Everything must be perfect. The female turtle will abandon a half-finished nest if she feels something is not right. "It is well-orchestrated, genetically, we think. It's what we call instinctive behaviour. They come from the sea, they emerge. They go about finding suitable ground, then they start digging one metre deep - if they feel at that time the humidity is right, and they can create a nest. If not, they abandon it and look for another location."

The female turtle will produce anywhere between 80 to 120 eggs, Dr Kindi explained. The turtle then covers the eggs with sand, camouflaging her precious deposit with decoy dunes and a fake body pit, he says. The aim is to trick predators such as foxes and hyenas who eat the eggs. "By the end of the four-hour, exhausting, successful nesting, you won't know where the nest is," Dr Kindi said. The female turtle then trudges back to the sea, leaving a trail in the sand resembling that of a tractor wheel. The turtle's tail, dragging through the sand, forms the middle groove. The turtle's right and left flippers, digging in to pull the turtle's torso forward, leave marks like the tread on the edge of a tyre.

The eggs are left to hatch by themselves, the temperature of the nest determining whether the next generation is predominantly male or female. At about 26 degrees Celsius, the hatchlings will be mostly female. Between 21 to 22 degrees Celsius, the hatchlings will be predominantly male. Dr Kindi was able to duplicate those conditions in the lab and get the same results. "The temperature of the incubator, whether natural or in the lab, determines the sex ratio," said Dr Kindi. "That is what is incredible about turtles."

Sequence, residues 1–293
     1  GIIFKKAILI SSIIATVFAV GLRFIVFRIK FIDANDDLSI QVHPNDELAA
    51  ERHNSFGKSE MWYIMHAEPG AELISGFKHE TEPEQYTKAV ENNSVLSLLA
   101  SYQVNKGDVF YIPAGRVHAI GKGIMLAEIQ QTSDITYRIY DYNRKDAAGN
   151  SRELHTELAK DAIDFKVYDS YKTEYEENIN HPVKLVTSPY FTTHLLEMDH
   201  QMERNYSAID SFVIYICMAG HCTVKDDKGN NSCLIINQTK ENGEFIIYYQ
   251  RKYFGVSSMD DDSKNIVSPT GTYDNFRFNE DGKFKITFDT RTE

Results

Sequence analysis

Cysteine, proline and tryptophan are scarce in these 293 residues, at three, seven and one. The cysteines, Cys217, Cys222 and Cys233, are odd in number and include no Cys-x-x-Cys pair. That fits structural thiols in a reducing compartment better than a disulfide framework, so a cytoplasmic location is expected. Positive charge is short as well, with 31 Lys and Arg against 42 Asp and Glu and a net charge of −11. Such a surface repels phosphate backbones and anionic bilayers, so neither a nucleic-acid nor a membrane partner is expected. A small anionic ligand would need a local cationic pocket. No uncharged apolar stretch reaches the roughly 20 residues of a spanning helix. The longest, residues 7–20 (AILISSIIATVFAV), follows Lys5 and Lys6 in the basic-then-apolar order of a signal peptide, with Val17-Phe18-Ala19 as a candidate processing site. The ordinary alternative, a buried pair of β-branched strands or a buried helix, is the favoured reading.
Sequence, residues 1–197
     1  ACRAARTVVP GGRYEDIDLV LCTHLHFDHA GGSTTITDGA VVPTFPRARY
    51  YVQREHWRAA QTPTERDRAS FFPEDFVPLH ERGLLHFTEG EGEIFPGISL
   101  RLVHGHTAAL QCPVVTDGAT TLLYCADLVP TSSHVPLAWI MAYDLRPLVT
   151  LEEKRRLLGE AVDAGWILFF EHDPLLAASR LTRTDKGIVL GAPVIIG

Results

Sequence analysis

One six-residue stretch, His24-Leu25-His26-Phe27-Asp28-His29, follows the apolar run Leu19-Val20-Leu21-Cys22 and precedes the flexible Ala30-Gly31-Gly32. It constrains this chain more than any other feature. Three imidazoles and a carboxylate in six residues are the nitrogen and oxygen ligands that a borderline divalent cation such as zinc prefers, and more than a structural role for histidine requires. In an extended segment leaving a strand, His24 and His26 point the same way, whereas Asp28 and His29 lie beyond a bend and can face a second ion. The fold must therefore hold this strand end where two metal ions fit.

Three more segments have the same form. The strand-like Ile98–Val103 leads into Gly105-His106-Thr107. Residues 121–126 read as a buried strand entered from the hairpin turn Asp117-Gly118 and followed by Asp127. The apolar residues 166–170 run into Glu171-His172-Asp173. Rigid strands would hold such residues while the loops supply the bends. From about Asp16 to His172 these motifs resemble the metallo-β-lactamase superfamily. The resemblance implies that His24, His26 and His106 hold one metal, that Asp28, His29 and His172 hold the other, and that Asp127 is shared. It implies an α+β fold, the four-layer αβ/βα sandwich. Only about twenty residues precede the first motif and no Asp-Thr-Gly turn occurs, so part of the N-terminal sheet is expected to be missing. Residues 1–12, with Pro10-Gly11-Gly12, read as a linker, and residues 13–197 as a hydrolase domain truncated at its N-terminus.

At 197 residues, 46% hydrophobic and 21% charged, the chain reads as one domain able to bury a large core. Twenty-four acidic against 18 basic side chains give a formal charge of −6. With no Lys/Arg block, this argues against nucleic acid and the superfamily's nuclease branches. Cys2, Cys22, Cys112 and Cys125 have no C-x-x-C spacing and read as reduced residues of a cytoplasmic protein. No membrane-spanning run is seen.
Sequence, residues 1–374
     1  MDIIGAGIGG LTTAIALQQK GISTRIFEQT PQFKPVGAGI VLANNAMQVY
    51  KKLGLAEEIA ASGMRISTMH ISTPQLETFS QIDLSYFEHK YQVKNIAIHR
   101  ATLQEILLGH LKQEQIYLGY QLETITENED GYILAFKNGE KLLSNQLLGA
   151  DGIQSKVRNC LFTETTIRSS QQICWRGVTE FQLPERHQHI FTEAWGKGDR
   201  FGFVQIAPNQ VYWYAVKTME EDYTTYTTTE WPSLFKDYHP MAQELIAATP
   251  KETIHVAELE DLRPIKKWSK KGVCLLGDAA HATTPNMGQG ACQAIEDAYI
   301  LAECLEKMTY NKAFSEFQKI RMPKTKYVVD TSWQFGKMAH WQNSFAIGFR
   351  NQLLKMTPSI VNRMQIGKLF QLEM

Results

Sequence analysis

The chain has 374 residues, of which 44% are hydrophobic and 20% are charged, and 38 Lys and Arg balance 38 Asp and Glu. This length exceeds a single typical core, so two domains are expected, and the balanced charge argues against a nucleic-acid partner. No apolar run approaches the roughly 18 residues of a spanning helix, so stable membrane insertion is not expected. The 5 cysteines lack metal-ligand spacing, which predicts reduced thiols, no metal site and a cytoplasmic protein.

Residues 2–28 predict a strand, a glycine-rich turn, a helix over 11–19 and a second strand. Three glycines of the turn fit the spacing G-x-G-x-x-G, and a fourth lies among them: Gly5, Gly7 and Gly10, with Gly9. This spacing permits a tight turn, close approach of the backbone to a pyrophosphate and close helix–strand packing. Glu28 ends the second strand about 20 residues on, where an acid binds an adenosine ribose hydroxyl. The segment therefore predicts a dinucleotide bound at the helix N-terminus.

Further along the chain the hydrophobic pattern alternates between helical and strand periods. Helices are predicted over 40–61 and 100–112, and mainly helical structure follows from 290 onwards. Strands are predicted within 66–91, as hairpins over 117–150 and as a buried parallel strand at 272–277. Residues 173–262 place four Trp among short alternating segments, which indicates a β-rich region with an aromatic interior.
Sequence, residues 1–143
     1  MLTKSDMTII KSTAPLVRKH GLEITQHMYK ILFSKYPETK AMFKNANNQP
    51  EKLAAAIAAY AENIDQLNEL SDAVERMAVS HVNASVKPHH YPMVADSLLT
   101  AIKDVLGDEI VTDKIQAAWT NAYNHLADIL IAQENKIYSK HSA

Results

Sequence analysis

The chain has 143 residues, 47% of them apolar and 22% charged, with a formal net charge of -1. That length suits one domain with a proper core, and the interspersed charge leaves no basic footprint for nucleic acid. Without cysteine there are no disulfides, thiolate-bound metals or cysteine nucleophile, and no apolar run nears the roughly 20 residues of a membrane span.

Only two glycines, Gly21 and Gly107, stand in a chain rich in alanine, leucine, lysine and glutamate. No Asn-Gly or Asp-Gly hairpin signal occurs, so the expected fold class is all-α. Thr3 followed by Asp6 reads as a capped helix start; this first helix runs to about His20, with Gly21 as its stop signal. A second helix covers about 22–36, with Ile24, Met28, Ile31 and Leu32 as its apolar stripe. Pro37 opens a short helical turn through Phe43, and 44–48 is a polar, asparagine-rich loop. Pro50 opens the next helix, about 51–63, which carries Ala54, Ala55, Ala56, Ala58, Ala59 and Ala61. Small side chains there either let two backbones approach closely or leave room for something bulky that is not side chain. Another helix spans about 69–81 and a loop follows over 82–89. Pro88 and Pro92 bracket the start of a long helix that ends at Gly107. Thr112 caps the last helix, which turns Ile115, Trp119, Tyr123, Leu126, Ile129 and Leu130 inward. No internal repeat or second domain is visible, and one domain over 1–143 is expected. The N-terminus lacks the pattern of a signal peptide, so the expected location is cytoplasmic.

The eggs, if they successfully dodge animal and human predators, must remain undisturbed in the warm sand for about 55 days before hatching. The baby turtles hatch in the sand but wait just below the surface until the air is cool, usually at night. Once they are above ground, the five-centimetre-long turtles scurry towards the sea, their flippers spinning like propellers, using the moonlight as a guide to the ocean.